Sky Hopper UAV to carry 100 kg
A group of UK engineers has plans to build a mid-mass logistics drone for global markets. The system will be aimed initially at remote and isolated communities, but ultimately will be capable of near urban operations.
The unmanned aerial vehicle (UAV) system, called Sky Hopper, is an electrically powered tri-fan design to be constructed at Prestwick in the West of Scotland. Its avionics are being developed in Hampshire in South Central England. Cargo mass load is 100 kg (220 lb).
The Sky Hopper team is made up of aeronautical engineers, certification and design specialists, electric machine designers, and advanced battery developers. Its promotors stress that the project will follow a carefully managed step-by-step approach.
"Civil UAV development is still in early days," said Project Leader Eben Wilson. "We want to engineer a pathway to a commercial future, and we have the strong team to work through the certification requirements alongside the technical issues. It's a challenge, but it really is time we did this."
"Taking a step upwards to an industrial vehicle demands that we innovate across all our disciplines," commented Dr. Richard Brown, the project's aerodynamicist. "We plan to build a series of demonstrators, resolving structural, power, and flight control needs. We have some of the best skills available, and we are a small, agile team."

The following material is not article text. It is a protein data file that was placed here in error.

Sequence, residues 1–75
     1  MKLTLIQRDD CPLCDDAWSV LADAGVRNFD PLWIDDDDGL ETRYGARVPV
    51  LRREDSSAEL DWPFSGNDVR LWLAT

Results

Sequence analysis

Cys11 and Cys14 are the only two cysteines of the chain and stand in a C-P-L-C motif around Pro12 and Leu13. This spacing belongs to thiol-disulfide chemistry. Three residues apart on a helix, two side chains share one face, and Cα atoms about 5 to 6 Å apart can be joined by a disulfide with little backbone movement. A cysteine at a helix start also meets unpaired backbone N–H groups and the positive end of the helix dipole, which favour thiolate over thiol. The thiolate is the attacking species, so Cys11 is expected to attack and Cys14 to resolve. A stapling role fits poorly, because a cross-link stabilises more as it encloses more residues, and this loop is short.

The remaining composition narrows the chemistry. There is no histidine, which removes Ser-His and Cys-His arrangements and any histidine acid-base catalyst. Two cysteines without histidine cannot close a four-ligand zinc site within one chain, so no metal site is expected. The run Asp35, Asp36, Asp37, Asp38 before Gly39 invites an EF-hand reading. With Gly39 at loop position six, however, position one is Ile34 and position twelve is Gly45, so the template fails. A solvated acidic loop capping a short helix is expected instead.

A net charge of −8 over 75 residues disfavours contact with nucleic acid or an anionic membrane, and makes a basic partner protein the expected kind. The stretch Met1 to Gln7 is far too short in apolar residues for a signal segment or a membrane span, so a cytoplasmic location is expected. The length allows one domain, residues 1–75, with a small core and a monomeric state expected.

Pushing the envelope of unmanned aerial capabilities demands close coordination with the regulators to devise safe operating methods and procedures. "The regulators want a civil UAV industry to develop in the UK," said Fred Gorrie, Technical Lead in design certification and regulation, "but they also want safety equal to normal aerospace industry competences. That's where we want to go too, and we think Scotland gives us the space to do that."
With its thinly inhabited landscape and coast, the West of Scotland offers a unique territory to develop beyond visual line of sight (BVLOS) potential while testing autonomous flight capabilities. "The commercial potential for UAV operations is huge globally. We're talking re-supply, infrastructure support, and other as yet unanticipated logistical operations," said Wilson. "We've got to grasp the future and believe in our engineering expertise."
The Sky Hopper project commercial plan includes unmanned delivery networks that set up local communities as franchisees for aero-parks, which are locally owned assets through which multiple Sky Hopper missions are flown, creating revenue for local communities. The end-to-end innovation for the project extends to its funding methods. So far, early prototyping has been privately funded; the founders have invested their own money along with some initial sponsorship funding. A sequenced campaign of further donations, crowd funding via Indiegogo, and a follow up enterprise investment scheme are underway.